Thoughts Imprisoned With The Pharaohs

BAYLOR

There Are Always new Things to Learn.
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#1
It's been some years since if read it. My impression was that it doesn't seem to get as much love as some Lovecraft's other stories. It's a bit of conventional horror story, not really connected to the Mythos stories . I found to be a excellent and one of his better stories.

Thoughts? :)
 
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#2
Weeellll.... for one thing, it wasn't in any way a "Mythos" story (even ignoring the problematic aspect that Lovecraft himself didn't see such distinctions; he most he ever said was calling something a part of his "Arkham cycle" or "Yog-Sothothery", and even this was in an extremely nebulous sort of distinction), nor was it, save in some very general ways, any sort of precursor to what we moderns tend to view as his Mythos tales. For another, it wasn't a story which originated with Lovecraft, but in response to his being asked to ghost-write a tale based on something Harry Houdini had apparently related to WT's editor... so HPL had to stay within certain (admittedly very broad) limits. And, of course, as HPL himself had never visited Egypt, he had to do a lot of research on the locale and its antiquities before getting to the core of the tale. As he put it in his letter to James F. Morton of 12 March 1924 (just after finishing the thing and getting married):
I went the limit in descriptive realism in the first part, then when I buckled down to the under the pyramid stuff I let myself loose and coughed up some of the most nameless, slithering, unmentionable HORROR that ever stalked cloven-hooved through the tenebrous and necrophagous abysses of elder night.
-- Selected Letters I: 1911-1924, p. 326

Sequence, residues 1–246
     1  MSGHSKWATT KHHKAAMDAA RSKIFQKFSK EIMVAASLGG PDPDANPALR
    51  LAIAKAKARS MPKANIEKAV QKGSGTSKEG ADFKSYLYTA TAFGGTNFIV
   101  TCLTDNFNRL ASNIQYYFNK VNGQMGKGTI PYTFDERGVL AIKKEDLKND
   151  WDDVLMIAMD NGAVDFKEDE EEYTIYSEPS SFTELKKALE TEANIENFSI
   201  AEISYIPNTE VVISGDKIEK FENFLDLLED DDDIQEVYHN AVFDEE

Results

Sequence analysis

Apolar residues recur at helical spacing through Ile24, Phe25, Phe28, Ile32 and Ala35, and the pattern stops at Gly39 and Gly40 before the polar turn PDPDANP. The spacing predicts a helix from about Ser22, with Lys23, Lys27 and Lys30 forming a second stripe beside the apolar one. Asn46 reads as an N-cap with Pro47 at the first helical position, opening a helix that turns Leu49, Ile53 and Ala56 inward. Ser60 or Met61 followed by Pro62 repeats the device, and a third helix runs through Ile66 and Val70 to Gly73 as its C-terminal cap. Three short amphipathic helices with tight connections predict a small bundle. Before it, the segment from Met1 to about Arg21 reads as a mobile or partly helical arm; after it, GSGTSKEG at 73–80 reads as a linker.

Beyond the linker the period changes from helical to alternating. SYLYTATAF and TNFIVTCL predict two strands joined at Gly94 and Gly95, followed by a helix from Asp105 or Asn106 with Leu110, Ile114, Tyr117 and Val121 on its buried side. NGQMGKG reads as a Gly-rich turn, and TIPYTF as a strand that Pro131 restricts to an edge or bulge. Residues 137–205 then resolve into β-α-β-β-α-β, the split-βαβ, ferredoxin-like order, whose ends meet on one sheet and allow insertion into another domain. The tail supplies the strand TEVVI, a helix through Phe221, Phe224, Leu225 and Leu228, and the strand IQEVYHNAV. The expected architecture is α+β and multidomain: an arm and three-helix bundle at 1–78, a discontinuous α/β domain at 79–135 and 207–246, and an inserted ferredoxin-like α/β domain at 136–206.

If you'd like more on the story itself, you might look at this:

https://en.wikipedia.org/wiki/Imprisoned_with_the_Pharaohs

As it notes, Lovecraft's own title for it was "Under the Pyramids", which is really a more fitting title, given the incidents in the tale.

My own personal reaction to the tale was that I originally liked it a great deal when I read it when young, but that liking has become somewhat tempered over the years. I still think it is an interesting and in some ways admirable story, but not among his very best. Mid-range, I think, to my taste....
 

BAYLOR

There Are Always new Things to Learn.
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#3
He see's the creature and realizes that what he's seeing is a mere paw. The horror is something bigger then he can see and comprehend.
 
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#4
He see's the creature and realizes that what he's seeing is a mere paw. The horror is something bigger then he can see and comprehend.
Much as the narrator of "The Shunned House" sees only "a titan elbow", indicating the vastness of the entity buried beneath....
 
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#6
I loved that ending. (y)
I've got to admit that, on my initial reading of the story (back when I was about 12 or 13) I found it quite jarring... enough to almost spoil the story for me. However, the rest of the tale more than made up for what struck me as almost comic, rather than cosmic. Later readings (much later) had me finding it to be much less jarring, and I began to appreciate what he was doing. I always enjoyed everything else about it, though, and I am one of those who found the historical background utterly fascinating, and the bittersweet ending quite touching. Even with that less-than-pleasing effect, in all other ways the story began as and has remained among my favorites.

Just as a sidelight concerning "The Shunned House"... were you aware of the various levels of genuine history and folklore HPL included there? The Roulet family, for instance, is very genuine, and the story of that ancestor crops up in, for instance, Sabine Baring-Gould's Book of the Werewolf; the flood mentioned, where the ship actually all but tapped the windows of the house, was a genuine historical event in Providence; the vampire beliefs of the region were also genuine (see, for instance, J. Earl Clauson's "Vampirism in Rhode Island", in his These Plantations, as well as Faye Ringel Hazel's "Some Strange New England Mortuary Practices: Lovecraft Was Right" (Lovecraft Studies 29, Fall 1993), and the bit about the "human-shaped figure" comes from Myths and Legends of Our Own Land, by Charles M. Skinner (in vol. 1, if memory serves).
 

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